Conklin cool with being NHL’s Mr. Outdoors
Is it possible for the National Hockey League to hold a Winter Classic without Ty Conklin?
DETROIT — Is it possible for the National Hockey League to hold a Winter Classic without Ty Conklin?
We’ll have to wait until next year to find out.
When the Detroit Red Wings head to Wrigley Field to face the Chicago Blackhawks on New Year’s Day in the league’s third outdoor game, expect Conklin, the Wings netminder, to be between the posts at one end of the rink for a third time.
Just as he was for the Edmonton Oilers when they faced the Montreal Canadiens at Commonwealth Stadium in 2003 and as he was last year for the Pittsburgh Penguins against the Buffalo Sabres.
You could say that when it comes to the great outdoors, Conklin comes up big.
"You know, they were both neat and they were both were a lot different," said Conklin, who blocked 36 shots for the shutout in a 4-0 win over the Blackhawks on Tuesday at Joe Louis Arena.
"The one in Edmonton was really cold. Very tough conditions."
While all players must factor in dealing with the elements when they take it outside, goaltenders can often find themselves idling alone while action roars at the opposite end of the rink — especially when you’re a Red Wings goalie — so the task of staying warm will prove as daunting as the task of parrying the puck.
“Yeah, it gets tough,” Conklin said. “I’ve got used to going 10 or 15 minutes where most of the play was at the other end of the ice. That’s part of the job here.
“Staying warm will be another challenge, but once you get the game going, you can get a little bit of adrenalin going. It becomes a little more like indoor hockey than you’d think.”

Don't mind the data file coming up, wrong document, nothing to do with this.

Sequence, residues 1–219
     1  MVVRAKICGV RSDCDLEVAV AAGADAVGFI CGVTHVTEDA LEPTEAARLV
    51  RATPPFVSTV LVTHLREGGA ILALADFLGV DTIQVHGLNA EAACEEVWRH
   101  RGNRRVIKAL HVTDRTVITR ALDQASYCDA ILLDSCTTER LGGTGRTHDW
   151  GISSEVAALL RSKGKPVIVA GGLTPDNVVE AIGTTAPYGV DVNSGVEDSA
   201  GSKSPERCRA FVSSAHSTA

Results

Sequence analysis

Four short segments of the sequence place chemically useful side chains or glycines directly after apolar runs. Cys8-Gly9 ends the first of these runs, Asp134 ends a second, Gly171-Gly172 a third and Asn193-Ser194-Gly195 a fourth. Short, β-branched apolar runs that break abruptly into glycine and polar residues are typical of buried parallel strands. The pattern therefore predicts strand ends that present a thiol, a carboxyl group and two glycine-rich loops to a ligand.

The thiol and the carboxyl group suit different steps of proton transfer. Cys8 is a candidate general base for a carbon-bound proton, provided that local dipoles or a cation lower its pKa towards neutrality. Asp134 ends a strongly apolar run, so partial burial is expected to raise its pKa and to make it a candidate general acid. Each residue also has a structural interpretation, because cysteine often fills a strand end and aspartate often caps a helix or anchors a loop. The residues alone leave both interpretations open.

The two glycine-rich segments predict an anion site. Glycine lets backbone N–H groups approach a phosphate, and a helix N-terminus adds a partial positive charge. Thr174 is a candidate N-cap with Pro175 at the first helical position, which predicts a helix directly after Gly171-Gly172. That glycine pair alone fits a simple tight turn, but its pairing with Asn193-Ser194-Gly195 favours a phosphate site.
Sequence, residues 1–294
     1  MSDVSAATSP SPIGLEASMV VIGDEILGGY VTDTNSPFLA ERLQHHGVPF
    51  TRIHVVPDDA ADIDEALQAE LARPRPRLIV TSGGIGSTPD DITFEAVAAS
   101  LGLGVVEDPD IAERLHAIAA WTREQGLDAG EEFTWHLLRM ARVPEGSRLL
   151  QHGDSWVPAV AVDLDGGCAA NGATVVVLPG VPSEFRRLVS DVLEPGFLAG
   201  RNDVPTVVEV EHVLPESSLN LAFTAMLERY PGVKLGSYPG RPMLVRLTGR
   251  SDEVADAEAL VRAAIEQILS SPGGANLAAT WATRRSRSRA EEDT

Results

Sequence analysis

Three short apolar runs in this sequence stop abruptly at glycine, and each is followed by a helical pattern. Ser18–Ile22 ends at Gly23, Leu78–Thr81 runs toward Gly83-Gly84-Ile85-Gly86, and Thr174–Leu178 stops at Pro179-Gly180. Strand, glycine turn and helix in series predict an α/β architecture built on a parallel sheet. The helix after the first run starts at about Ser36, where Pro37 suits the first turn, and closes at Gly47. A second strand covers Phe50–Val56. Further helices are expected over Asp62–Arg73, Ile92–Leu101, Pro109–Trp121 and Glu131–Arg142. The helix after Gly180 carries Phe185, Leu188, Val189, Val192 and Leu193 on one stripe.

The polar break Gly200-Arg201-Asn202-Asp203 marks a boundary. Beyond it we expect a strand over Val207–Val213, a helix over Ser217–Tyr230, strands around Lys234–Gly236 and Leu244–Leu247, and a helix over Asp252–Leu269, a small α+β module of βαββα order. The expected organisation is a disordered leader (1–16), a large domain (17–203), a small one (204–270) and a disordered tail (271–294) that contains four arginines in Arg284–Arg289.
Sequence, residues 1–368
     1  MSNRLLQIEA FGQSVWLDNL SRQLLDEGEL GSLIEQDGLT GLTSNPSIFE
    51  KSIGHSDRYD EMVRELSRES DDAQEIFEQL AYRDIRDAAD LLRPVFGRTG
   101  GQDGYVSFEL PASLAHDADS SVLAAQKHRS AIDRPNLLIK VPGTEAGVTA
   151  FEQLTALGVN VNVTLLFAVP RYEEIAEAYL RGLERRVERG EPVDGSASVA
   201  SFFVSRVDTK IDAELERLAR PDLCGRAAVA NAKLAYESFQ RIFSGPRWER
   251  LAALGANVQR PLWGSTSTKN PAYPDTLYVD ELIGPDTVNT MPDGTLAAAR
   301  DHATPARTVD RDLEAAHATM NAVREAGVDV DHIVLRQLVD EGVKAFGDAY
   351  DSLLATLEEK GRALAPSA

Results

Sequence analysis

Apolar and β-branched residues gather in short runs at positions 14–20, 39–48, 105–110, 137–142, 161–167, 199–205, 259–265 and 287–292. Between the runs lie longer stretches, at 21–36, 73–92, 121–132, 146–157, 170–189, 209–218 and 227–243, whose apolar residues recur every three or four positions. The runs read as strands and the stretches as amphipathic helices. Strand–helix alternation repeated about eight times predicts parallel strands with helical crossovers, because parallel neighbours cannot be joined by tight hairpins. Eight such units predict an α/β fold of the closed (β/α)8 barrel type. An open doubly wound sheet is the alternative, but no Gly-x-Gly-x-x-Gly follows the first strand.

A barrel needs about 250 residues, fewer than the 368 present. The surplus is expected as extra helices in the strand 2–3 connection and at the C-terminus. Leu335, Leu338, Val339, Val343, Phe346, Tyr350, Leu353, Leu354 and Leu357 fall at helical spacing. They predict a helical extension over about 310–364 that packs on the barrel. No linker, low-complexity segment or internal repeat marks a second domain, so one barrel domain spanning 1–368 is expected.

A summer free-agent signing, Conklin admits he didn’t even know that the Wings were one of the designated participants in this season’s outdoor game until weeks later, when he took his first look at the 2008-09 NHL schedule.
Fittingly, the man who has become known as the NHL’s Mr. Outdoors is a native Alaskan.
“When I was younger, we played a lot of games outdoors,” he said. “I know when I was nine or 10, we went to Russia and we played two games outdoors there and just got spanked.”
His luck as an NHL outdoorsman has steadily improved.
Last Jan. 1, Conklin blocked 37 shots and foiled both Tim Connolly and Maxim Afinogenov in the shootout as the Penguins edged the Sabres 2-1 before 71,217 at Buffalo’s Ralph Wilson Stadium. On Nov. 22, 2003, Conklin made 19 saves, but the Oilers lost a 4-3 verdict in front of 57,167 frigid fans.
“Hopefully, it won’t be minus-20 (like it was in Edmonton) and guys can feel good on the ice,” Conklin said. “The nice thing about the outdoor game last year was the temperature was high enough where you could actually get a sweat going.
“In Edmonton, I couldn’t even get a sweat going. It was just too cold.”
The Chicago forecast for Thursday is calling for a high of 1 C with winds from the southwest blowing at 10 to 20 km/h and a 30 per cent chance of flurries, but it isn’t called the Windy City because the weather tends to co-operate.
“You have to prepare for a lot of different elements,” Conklin said. “It could be 35 degrees, a nice and sunny day, or it could be minus-10 and the wind could be blowing 20 miles an hour.
“You never know what you’re going to get.”
That’s not always the case. When it comes to the NHL’s Winter Classic, there seems to be one certainty right up there alongside death and taxes.
That Conklin will be in goal for one of the teams.
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